- Regan L, DeGrado WF. Characterization of a helical protein designed from first principles. Science. 1988;241(4868):976–8.PubMedView ArticleGoogle Scholar
- Kamtekar S, Hecht MH. Protein Motifs. 7. The four-helix bundle: what determines a fold? FASEB J. 1995;9(11):1013–22.PubMedGoogle Scholar
- Harbury PB, Plecs JJ, Tidor B, Alber T, Kim PS. High-resolution protein design with backbone freedom. Science. 1998;282(5393):1462–7.PubMedView ArticleGoogle Scholar
- Dantas G, Kuhlman B, Callender D, Wong M, Baker D. A large scale test of computational protein design: folding and stability of nine completely redesigned globular proteins. J Mol Biol. 2003;332(2):449–60.PubMedView ArticleGoogle Scholar
- Kuhlman B, Dantas G, Ireton GC, Varani G, Stoddard BL, Baker D. Design of a novel globular protein fold with atomic-level accuracy. Science. 2003;302(5649):1364–8.PubMedView ArticleGoogle Scholar
- Koga N, Tatsumi-Koga R, Liu G, Xiao R, Acton TB, Montelione GT, et al. Principles for designing ideal protein structures. Nature. 2012;491(7423):222–7.PubMed CentralPubMedView ArticleGoogle Scholar
- Wierenga RK. The TIM barrel fold: a versatile framework for efficient enzymes. FEBS Lett. 2001;492(3):193–8.PubMedView ArticleGoogle Scholar
- Nagano N, Orengo CA, Thornton JM. One fold with many functions: the evolutionary relationships between TIM barrel families based on their sequences structures and functions. J Mol Biol. 2002;321(5):741–65.PubMedView ArticleGoogle Scholar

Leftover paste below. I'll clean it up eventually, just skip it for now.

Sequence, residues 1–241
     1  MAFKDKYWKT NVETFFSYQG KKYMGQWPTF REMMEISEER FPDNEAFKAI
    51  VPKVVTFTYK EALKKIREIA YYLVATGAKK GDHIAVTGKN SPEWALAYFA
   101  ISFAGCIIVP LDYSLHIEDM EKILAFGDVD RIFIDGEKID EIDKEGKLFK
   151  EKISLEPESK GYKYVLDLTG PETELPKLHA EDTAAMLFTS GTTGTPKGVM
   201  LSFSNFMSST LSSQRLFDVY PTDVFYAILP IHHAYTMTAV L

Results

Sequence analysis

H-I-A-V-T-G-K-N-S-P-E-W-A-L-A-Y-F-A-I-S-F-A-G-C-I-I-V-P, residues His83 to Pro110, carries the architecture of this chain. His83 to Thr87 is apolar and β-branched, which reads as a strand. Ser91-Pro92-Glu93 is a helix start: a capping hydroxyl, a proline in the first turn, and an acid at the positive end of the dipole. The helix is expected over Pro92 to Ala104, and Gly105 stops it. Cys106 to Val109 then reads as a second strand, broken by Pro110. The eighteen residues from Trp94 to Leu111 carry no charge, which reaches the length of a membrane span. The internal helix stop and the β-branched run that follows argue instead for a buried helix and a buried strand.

- Lang D, Thoma R, Henn-Sax M, Sterner R, Wilmanns M. Structural evidence for evolution of the β/α barrel scaffold by gene duplication and fusion. Science. 2000;289(5484):1546–50.PubMedView ArticleGoogle Scholar
- Seitz T, Bocola M, Claren J, Sterner R. Stabilisation of a (beta/alpha)8-Barrel Protein Designed from Identical Half Barrels. J Mol Biol. 2007;372(1):114–29.PubMedView ArticleGoogle Scholar
- Höcker B, Lochner A, Seitz T, Claren J, Sterner R. High-Resolution Crystal Structure of an Artificial (βα) 8-Barrel Protein Designed from Identical Half-Barrels. Biochemistry. 2009;48(6):1145–7.PubMedView ArticleGoogle Scholar
- Höcker B, Claren J, Sterner R. Mimicking enzyme evolution by generating new (beta/alpha) 8-barrels from (beta/alpha) 4-half-barrels. Proc Natl Acad Sci. 2004;101(47):16448–53.PubMed CentralPubMedView ArticleGoogle Scholar
- Claren J, Malisi C, Höcker B, Sterner R. Establishing wild-type levels of catalytic activity on natural and artificial (beta/alpha) 8-barrel protein scaffolds. Proc Natl Acad Sci. 2009;106(10):3704–9.PubMed CentralPubMedView ArticleGoogle Scholar
- Bharat TA, Eisenbeis S, Zeth K, Höcker B. A beta alpha-barrel built by the combination of fragments from different folds. Proc Natl Acad Sci. 2008;105(29):9942–7.PubMed CentralPubMedView ArticleGoogle Scholar
- Eisenbeis S, Proffitt W, Coles M, Truffault V, Shanmugaratnam S, Meiler J, et al. Potential of fragment recombination for rational design of proteins. J Am Chem Soc. 2012;134(9):4019–22.PubMedView ArticleGoogle Scholar
- Fortenberry C, Bowman EA, Proffitt W, Dorr B, Combs S, Harp J, et al. Exploring symmetry as an avenue to the computational design of large protein domains. J Am Chem Soc. 2011;133(45):18026–9.PubMed CentralPubMedView ArticleGoogle Scholar
- Goraj K, Renard A, Martial JA. Synthesis, purification and initial structural characterization of octarellin, a de novo polypeptide modeled on the alpha/beta-barrel proteins. Protein Eng. 1990;3:259–66.PubMedView ArticleGoogle Scholar
- Beauregard M, Goraj K, Goffin V, Heremans K, Goormaghtigh E, Ruysschaert J-M. Spectroscopic investigation of structure in octarellin (a de novo protein designed to adopt the alpha/beta-barred packing). Protein Eng. 1991;4(7):745–9.PubMedView ArticleGoogle Scholar
- Houbrechts A, Moreau B, Abagyan R, Mainfroid V, Préaux G, Lamproye A, et al. Second-generation octarellins: two new de novo (beta/alpha)8 polypeptides designed for investigating the influence of beta-residue packing on the alpha/beta-barrel structure stability. Protein Eng. 1995;8(3):249–59.PubMedView ArticleGoogle Scholar